View Full Version : Where Do We Go From Here?

09-17-2007, 12:18 AM
Where Do We Go From Here? (http://smallwarsjournal.com/blog/2007/09/where-do-we-go-from-here/) - Iraq Trip Report by Linda Robinson (http://www.usnews.com/usnews/news/articles/070909/17iraq.b.htm) (US News) on the Small Wars Journal (http://smallwarsjournal.com/blog/) Blog.

During a three-week trip to Iraq in late August and early September, I found the security situation improved compared to the spring and even more markedly over last year. But it was harder to determine whether there had been any change in the all-important question of Iraqi political will. The views about the Iraqi government’s true intent among those working most closely with it tend to break down into two groups. Senior U.S. military and civilian officials believe that they can painfully and haltingly nudge the Maliki government forward on reconciliation as its fears of a Sunni return to dominance are allayed. Many of them believe this option is merely the least worst option. Lower-ranking officials are more pessimistic, perhaps because they can afford to be. They tend to believe that the Shia-led government is bent on domination of Sunnis, who are now largely fighting for their survival rather than a return to power.

Behind closed doors, General Petraeus and Ambassador Crocker and their subordinates are engaged in a full-court press to get more Sunnis into the government and to push Maliki ahead on reconciliation. They have achieved some success on local initiatives, though not on passage of key legislation and not enough to demonstrate unequivocally that the Maliki government has the will or ability to achieve a power-sharing agreement if given more time. Success in Iraq, if it comes, is not going to come in a big bang but rather through a series of piecemeal steps that at a minimum give the Sunni minority the ability to secure and govern the areas they inhabit, with funding from the central government. The vision is federalism, not partition. The U.S. officials hope to allay Shia fears as it becomes clear that these local concessions do not court the return of their oppressors. In the lingo of peacemakers, these are called “confidence-building measures.” It is a grinding, exhausting business, and certainly not one given to headline-making breakthroughs...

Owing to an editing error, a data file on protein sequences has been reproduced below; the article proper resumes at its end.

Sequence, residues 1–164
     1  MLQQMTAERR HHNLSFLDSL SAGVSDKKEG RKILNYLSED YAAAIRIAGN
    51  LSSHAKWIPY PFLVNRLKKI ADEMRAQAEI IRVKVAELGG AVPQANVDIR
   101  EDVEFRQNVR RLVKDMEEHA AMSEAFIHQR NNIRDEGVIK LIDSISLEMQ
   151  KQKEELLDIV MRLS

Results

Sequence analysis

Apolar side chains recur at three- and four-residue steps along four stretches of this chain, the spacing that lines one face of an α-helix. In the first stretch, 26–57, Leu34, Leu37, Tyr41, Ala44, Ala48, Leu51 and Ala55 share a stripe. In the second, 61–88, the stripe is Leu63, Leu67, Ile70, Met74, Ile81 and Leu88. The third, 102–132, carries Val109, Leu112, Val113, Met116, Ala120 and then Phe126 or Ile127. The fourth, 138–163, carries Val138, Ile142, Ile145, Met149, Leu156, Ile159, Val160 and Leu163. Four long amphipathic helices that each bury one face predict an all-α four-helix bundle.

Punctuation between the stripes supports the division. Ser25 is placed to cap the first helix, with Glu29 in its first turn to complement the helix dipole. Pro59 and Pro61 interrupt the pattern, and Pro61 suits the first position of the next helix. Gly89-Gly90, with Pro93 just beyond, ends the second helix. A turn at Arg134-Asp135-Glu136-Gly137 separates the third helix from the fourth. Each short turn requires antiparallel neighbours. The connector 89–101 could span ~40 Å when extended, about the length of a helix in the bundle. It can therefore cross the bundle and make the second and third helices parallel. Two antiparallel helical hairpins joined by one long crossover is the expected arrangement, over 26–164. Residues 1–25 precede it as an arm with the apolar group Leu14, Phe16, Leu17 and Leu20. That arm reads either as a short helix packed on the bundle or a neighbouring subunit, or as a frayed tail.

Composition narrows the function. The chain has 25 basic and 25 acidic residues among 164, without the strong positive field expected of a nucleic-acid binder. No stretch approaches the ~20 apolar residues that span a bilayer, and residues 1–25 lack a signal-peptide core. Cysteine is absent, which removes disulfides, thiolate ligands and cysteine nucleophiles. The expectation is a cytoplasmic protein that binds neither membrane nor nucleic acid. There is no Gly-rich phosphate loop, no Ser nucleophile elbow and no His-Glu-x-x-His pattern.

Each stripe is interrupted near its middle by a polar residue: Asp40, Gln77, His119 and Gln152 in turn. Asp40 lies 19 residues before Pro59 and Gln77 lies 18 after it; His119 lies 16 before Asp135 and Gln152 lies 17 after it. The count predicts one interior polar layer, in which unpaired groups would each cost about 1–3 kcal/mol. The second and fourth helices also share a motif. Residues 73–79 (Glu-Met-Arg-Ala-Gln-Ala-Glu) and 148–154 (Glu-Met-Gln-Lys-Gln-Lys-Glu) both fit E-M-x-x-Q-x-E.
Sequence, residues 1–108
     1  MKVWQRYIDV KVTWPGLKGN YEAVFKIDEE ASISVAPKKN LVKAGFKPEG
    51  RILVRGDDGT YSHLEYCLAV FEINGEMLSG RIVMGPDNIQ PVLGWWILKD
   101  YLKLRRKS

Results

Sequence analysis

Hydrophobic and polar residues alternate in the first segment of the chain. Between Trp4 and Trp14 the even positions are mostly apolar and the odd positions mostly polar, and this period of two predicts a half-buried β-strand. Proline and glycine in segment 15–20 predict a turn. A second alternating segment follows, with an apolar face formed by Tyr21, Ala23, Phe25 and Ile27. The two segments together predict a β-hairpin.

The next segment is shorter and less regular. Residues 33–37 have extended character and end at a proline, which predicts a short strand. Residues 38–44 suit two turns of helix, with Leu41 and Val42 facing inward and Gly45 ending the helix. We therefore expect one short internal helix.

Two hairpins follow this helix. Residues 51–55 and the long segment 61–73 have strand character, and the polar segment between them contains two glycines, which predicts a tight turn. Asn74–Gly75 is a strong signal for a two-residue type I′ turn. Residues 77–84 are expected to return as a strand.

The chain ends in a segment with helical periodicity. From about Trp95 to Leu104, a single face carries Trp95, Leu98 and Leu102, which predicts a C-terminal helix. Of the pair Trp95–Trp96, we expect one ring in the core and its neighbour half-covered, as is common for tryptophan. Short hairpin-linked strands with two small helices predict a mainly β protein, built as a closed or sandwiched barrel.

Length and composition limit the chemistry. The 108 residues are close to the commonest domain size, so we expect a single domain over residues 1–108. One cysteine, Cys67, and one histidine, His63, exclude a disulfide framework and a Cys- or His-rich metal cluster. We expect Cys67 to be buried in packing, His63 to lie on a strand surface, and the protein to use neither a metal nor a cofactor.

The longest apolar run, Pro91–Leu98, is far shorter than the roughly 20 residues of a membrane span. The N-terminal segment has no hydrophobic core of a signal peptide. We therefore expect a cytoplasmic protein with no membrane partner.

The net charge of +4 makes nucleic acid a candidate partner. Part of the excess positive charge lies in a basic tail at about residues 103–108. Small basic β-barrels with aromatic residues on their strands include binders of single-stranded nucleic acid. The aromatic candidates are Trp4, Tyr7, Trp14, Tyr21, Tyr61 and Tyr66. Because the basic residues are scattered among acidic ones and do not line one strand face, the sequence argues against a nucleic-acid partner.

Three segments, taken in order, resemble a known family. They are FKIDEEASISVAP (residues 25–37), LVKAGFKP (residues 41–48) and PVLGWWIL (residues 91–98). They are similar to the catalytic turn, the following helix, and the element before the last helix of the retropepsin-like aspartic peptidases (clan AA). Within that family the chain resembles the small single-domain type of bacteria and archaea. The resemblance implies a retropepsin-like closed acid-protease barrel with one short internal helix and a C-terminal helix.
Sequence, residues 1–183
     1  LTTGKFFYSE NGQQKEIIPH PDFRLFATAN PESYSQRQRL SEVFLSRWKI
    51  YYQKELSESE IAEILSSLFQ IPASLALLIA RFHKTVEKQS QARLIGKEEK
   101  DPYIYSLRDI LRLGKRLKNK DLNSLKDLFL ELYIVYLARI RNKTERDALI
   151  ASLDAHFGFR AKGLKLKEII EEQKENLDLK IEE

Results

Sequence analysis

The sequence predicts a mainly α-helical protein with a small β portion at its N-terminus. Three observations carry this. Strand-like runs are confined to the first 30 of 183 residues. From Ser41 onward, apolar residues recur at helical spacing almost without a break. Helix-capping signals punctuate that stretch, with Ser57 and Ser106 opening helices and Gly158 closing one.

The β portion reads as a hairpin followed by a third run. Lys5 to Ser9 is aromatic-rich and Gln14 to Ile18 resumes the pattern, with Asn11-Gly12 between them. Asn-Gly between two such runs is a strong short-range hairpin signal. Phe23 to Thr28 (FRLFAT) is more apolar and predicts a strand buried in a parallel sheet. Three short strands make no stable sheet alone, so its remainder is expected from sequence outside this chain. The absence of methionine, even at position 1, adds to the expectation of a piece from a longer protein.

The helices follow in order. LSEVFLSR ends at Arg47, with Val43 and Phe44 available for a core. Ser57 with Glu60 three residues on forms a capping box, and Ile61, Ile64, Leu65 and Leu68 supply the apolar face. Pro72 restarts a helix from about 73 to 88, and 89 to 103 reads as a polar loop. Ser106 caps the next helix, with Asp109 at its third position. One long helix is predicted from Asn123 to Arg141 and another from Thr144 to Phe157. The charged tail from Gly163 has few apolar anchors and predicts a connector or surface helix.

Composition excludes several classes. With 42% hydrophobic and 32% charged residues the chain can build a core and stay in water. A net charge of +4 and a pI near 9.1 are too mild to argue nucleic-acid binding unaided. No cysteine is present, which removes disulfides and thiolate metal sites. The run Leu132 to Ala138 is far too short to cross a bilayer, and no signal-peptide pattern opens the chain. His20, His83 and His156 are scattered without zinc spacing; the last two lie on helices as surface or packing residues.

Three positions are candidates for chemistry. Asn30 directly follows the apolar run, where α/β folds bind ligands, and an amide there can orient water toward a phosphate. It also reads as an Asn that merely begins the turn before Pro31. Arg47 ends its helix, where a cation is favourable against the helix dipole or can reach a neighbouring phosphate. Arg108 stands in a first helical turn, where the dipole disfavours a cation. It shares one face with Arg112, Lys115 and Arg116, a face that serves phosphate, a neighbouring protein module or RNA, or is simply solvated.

Much more at the link.

09-18-2007, 02:50 PM
As a foreign-service professional who has been involved in Middle East affairs for almost 30 years and Iraq issues on several occasions since 1990, I commend Linda Robinson for one of the best short summaries of the interrelated forces and dynamics influencing events in Iraq today--well done! Ms. Robinson manages to catch most--if not all--the issues and the ways in which developments on one level (or in one arena) affect or disrupt events in another. She also captures the efforts being made to try to establish enough of an equilibrium (whether through the military surge or concurrent political efforts) to gain traction in Iraq's various political levels.

My only complaint--a minor one--was that her article ended just as it reached the point promised by the title. The article lays out where we are, suggests how we got there, and certainly presents the complexity of the current situation. Unfortunately, it does not address "where do we go from here," and the merits of her discussion suggest that she probably has some original ideas for what lies ahead and how best to negotiate the immediate, mid-, and long-term challenges that we--and the Iraqis--face. I, for one, would welcome her additional thoughts on what she believes lies ahead and how best to prepare for whatever is the next phase.